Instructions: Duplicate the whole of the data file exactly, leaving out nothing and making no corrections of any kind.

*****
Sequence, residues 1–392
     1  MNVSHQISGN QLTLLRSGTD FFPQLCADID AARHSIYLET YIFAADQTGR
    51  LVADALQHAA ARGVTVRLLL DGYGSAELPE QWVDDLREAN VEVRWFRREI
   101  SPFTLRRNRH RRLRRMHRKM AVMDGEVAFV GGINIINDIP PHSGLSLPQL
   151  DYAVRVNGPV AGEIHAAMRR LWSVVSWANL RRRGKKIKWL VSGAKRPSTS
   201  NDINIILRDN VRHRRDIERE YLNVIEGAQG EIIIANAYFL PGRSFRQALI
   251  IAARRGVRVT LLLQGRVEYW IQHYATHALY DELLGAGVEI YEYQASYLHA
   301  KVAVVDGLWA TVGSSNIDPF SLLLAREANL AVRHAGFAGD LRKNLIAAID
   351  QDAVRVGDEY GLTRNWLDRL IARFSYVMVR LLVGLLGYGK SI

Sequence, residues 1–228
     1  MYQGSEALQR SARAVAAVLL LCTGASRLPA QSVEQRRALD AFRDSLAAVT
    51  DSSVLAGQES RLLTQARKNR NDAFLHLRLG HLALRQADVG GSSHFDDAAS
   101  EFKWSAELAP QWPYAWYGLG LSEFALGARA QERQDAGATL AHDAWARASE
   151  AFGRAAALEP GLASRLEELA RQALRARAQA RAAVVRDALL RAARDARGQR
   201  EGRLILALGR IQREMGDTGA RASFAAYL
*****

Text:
Sequence, residues 1–392
     1  MNVSHQISGN QLTLLRSGTD FFPQLCADID AARHSIYLET YIFAADQTGR
    51  LVADALQHAA ARGVTVRLLL DGYGSAELPE QWVDDLREAN VEVRWFRREI
   101  SPFTLRRNRH RRLRRMHRKM AVMDGEVAFV GGINIINDIP PHSGLSLPQL
   151  DYAVRVNGPV AGEIHAAMRR LWSVVSWANL RRRGKKIKWL VSGAKRPSTS
   201  NDINIILRDN VRHRRDIERE YLNVIEGAQG EIIIANAYFL PGRSFRQALI
   251  IAARRGVRVT LLLQGRVEYW IQHYATHALY DELLGAGVEI YEYQASYLHA
   301  KVAVVDGLWA TVGSSNIDPF SLLLAREANL AVRHAGFAGD LRKNLIAAID
   351  QDAVRVGDEY GLTRNWLDRL IARFSYVMVR LLVGLLGYGK SI

Sequence, residues 1–228
     1  MYQGSEALQR SARAVAAVLL LCTGASRLPA QSVEQRRALD AFRDSLAAVT
    51  DSSVLAGQES RLLTQARKNR NDAFLHLRLG HLALRQADVG GSSHFDDAAS
   101  EFKWSAELAP QWPYAWYGLG LSEFALGARA QERQDAGATL AHDAWARASE
   151  AFGRAAALEP GLASRLEELA RQALRARAQA RAAVVRDALL RAARDARGQR
   201  EGRLILALGR IQREMGDTGA RASFAAYL